Traumatic brain injury in football is not incidental, but an inevitable and central aspect of the sport. Read more...
Traumatic brain injury in football is not incidental, but an inevitable and central aspect of the sport. Starting in high school, through college, and into the NFL, young players face repeated head trauma, and those sustained injuries create lifelong cognitive and functional difficulties.
Muchnick's "Concussion Inc." blog exposed the decades-long cover-up of scientific research into sports concussions and the ongoing denial to radically reform football in North America. This compilation from Muchnick's no-holds-barred investigative website reveals the complete head injury story as it developed, from the doctor who played fast and loose with the facts about the efficacy of the state-mandated concussion management system for high school football players, to highly touted solutions that are more self-serving cottage industry than of any genuine benefit.
Known for extensive reporting on the tragic story of the Chris Benoit murder-suicide, Muchnick turns his investigative analysis to traumatic brain injury and probes deep into the corporate, government, and media corruption that has enabled the $10-billion-a-year National Football League to trigger a public health crisis.
- ISBN-13: 9781770411388
- ISBN-10: 1770411380
- Publisher: ECW Press
- Publish Date: February 2015
- Page Count: 300
- Dimensions: 8.9 x 5.9 x 0.8 inches
- Shipping Weight: 1.1 pounds
Publishers Weekly® Reviews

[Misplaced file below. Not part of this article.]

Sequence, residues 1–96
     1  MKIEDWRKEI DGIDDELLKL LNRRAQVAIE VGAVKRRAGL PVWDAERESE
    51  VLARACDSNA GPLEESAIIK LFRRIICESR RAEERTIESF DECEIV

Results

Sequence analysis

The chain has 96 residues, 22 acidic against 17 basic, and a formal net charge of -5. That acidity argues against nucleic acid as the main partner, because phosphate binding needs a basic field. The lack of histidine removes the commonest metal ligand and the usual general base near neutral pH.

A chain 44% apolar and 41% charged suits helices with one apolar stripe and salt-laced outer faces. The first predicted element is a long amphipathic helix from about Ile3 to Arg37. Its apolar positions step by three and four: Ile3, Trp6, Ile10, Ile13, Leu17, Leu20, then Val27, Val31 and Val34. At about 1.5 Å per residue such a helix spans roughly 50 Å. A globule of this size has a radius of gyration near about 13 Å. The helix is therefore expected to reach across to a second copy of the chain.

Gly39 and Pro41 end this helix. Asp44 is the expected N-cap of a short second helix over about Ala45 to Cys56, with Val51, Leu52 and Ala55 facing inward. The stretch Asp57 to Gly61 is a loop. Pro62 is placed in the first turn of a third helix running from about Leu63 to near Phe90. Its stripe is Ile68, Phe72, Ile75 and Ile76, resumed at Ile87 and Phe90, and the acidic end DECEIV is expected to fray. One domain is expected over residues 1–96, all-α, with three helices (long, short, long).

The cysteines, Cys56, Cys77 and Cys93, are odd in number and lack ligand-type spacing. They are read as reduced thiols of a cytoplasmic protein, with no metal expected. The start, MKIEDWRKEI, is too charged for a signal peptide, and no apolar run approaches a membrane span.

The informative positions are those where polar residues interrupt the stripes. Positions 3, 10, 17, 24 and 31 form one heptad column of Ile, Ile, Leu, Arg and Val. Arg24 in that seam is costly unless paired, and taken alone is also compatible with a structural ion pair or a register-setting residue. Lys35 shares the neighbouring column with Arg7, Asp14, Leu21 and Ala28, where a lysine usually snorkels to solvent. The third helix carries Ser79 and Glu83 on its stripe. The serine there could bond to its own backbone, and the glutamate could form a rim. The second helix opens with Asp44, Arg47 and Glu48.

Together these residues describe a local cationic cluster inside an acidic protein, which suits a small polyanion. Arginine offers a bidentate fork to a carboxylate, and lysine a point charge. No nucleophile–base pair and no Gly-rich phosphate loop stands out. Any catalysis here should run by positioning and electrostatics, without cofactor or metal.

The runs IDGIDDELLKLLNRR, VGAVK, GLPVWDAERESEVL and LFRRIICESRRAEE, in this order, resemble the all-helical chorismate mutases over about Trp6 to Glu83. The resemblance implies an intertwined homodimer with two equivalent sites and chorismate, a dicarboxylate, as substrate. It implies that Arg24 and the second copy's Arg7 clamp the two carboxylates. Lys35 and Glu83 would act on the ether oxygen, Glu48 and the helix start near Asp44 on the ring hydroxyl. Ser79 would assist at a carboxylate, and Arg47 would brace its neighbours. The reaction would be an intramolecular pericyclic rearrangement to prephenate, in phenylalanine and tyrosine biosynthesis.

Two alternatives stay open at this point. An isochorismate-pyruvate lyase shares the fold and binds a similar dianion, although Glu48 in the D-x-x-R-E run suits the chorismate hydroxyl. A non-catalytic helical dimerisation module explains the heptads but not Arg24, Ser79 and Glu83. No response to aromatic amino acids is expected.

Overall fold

- Reviewed in: Publishers Weekly, page .
- Review Date: 2015-03-02
- Reviewer: Staff
Investigative sports journalist Muchnick (Wrestling Babylon), who has written extensively about the tragic effects of traumatic brain injury among wrestlers, turns his attention to the same issue in football. In this compilation of blog entries written between 2009 and 2013, Muchnick unflinchingly documents National Football League veteran Dave Duerson's time on the league's disability claims review board, which he spent frequently denying benefits to other retired players and "downplaying known evidence of the connection between football traumatic brain injuries and long-term mental-health problems." When Duerson committed suicide in 2011, he left a note indicating that he himself suffered from brain damage. Another target of close scrutiny is Dr. Joseph Maroon, longtime neurosurgeon of the Pittsburgh Steelers, who was on the NFL's concussion policy committee while simultaneously promoting concussion management software and nutritional supplements that purportedly protect against concussions. Muchnick argues that the NFL's violent culture has a dangerous effect on teenage athletes and that tackle football must be banned in public high schools. It's not easy reading. The author's tone is sometimes polemical or pompous, but his arguments will resonate, not only with football aficionados but also with fans of hockey, boxing, and other contact sports. (Feb.)